To see all the little painted hairs I suggest watching this full-screen. Here’s the narrative from the video…
On a recent Saturday morning, I woke with no idea what to paint, which meant going through my photo archives, looking for reference.
None of the photos spoke to me and I began to feel uneasy.
A brown bear? No I’ve done a lot of those and just finished one. I’ve painted plenty of bears. An owl or an eagle? Painted lots of those, too.
On it went. Having painted more than 80 production pieces, plus commissions and portraits of people, finding something new is a challenge. I wanted to choose an animal I’d enjoy painting but would also appeal to others.
Was it just a bad morning or worse —the beginning of a rut?
The peanut gallery of internal critics, those loudmouths in the cheap seats, they love this stuff. Whenever self-doubt finds a foothold, that chorus of cretins is ready to attack.
“You had a good run. Time to go get a real job. You weren’t that good at this stuff, anyway. But you already knew that, didn’t you?”
I tend to overthink these things. Lately, I’ve been focused a lot on trying to figure out what my audience wants to see, the people who already follow me and support my work.
What I forget, however, is I didn’t know what they wanted to see in the first place. I painted funny looking animals and the people who liked them hung around for more. The more I painted what I wanted; the more people showed up. I don’t recall taking a poll asking if I was painting too many bears.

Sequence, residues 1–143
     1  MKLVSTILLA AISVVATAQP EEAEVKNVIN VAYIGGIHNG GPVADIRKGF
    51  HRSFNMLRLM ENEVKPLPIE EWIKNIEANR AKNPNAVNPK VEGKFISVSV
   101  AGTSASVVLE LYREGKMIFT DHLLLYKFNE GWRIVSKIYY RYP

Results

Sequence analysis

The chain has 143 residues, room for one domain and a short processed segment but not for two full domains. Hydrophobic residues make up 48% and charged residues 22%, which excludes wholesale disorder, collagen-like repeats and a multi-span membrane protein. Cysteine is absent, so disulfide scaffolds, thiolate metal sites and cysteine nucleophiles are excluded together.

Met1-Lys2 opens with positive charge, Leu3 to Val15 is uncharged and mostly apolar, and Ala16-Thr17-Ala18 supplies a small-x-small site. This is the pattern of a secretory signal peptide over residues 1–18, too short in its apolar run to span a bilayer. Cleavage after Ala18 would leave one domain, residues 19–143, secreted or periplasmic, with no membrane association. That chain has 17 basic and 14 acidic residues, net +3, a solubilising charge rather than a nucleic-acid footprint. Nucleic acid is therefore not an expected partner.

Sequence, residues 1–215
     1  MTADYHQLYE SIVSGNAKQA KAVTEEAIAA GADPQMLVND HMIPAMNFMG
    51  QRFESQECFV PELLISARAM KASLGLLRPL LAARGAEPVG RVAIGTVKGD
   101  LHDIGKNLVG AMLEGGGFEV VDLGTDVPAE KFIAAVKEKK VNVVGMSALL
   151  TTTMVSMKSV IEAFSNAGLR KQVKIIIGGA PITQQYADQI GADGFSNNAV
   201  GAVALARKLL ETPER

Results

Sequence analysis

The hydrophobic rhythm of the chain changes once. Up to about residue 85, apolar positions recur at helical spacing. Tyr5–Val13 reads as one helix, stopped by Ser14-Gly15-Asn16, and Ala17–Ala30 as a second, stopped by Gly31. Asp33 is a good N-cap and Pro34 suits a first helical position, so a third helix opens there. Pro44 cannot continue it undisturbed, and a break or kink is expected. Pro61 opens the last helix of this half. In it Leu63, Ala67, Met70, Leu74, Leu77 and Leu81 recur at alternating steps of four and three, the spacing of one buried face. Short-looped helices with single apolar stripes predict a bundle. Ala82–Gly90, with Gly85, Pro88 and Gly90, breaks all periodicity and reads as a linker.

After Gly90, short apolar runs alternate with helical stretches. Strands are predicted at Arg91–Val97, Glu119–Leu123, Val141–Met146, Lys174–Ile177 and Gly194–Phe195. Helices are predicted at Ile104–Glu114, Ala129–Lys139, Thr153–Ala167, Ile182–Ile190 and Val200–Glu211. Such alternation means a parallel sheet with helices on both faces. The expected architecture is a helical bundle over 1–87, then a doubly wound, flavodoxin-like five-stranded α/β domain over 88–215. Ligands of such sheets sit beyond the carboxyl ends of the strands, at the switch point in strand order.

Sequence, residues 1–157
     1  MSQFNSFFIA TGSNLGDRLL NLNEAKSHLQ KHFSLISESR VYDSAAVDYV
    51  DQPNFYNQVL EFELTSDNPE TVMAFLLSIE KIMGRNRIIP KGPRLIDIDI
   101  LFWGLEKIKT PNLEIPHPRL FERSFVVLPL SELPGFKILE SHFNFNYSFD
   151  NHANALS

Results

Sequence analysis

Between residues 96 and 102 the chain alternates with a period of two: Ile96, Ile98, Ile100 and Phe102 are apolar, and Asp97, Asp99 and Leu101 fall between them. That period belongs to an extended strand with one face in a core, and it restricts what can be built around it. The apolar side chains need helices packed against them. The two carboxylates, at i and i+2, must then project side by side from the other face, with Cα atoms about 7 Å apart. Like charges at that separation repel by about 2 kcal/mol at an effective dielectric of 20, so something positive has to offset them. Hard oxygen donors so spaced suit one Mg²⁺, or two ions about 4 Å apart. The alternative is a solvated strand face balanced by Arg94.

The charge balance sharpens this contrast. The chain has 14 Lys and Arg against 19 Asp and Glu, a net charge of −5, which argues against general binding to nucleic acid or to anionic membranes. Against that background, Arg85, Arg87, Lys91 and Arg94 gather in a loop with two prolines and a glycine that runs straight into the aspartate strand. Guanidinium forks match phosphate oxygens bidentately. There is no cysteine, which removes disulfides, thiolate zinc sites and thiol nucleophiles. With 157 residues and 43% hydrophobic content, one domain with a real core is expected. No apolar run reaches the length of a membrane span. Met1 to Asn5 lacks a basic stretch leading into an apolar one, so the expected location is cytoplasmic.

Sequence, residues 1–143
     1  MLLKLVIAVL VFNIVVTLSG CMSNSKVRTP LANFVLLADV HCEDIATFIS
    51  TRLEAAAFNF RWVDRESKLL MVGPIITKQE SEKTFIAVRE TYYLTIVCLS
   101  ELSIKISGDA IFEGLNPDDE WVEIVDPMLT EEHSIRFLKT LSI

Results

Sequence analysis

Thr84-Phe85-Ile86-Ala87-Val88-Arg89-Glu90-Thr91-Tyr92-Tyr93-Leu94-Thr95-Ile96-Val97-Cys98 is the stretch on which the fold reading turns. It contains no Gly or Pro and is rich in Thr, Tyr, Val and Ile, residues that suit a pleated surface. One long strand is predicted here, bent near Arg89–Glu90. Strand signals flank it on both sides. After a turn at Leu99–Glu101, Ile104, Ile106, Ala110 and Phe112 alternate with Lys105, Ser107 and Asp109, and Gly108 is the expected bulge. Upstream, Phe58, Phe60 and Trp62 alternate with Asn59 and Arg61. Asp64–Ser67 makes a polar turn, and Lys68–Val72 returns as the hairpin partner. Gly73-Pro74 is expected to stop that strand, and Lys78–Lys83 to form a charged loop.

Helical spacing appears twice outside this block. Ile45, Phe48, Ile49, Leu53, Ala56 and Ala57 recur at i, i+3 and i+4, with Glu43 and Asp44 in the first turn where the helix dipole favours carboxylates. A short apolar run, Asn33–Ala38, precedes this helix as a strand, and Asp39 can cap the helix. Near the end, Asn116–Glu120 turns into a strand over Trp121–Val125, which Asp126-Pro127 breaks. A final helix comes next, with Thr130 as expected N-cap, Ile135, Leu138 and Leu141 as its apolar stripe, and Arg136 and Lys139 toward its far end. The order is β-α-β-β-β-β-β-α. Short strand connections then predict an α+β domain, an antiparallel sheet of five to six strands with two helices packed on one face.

As I looked through hundreds of reference photos, I tried to ignore those inner voices telling me why each was not good enough, that I’m not good enough. They can’t be silenced, but they don’t deserve the spotlight or center stage.
A favorite line from the movie, Dr. Strange goes, “we never lose our demons, we only learn to live above them.”
In my frustration at failing to find the one reference image that spoke to me, the one with the perfect lighting, composition, that captured a moment, I stopped looking and started writing this narrative, instead.
And in the writing, I found a little clarity. The advice I would give another artist in this situation applies to myself as well.
Paint what you like. Stop worrying about the marketing, the likes and shares, the sales, the prints, the licensing, the niche, the pressure, the noise. Stop anticipating and giving in to the critics, real or imaginary.
If you’re creative for a living, the business stuff is important, no denying it. You can’t wing it and pretend that money is just going to flow to you. You must think like a business owner, treat it like a job, and remember this is how you pay your bills.
But not all the time. Otherwise, what’s the point of being an artist for a living?
I went back to the archives with a different goal, to paint something for me. If other people like it, great. If not, I’ll paint something for them next time.
Once I got past all the critical voices in my head, I really enjoyed this piece. I immersed myself in the long hairs in his mane, the short hairs on his muzzle, the dark shadows that defined the larger shapes, the warm colours in the fur, the bright highlights, and that contented smile on his face, which put a smile on mine.
Sure, I’ve painted lions before.
I’ll paint lions again.
That’s OK, because each will be different than the last. And all will be time well spent.
© Patrick LaMontagne
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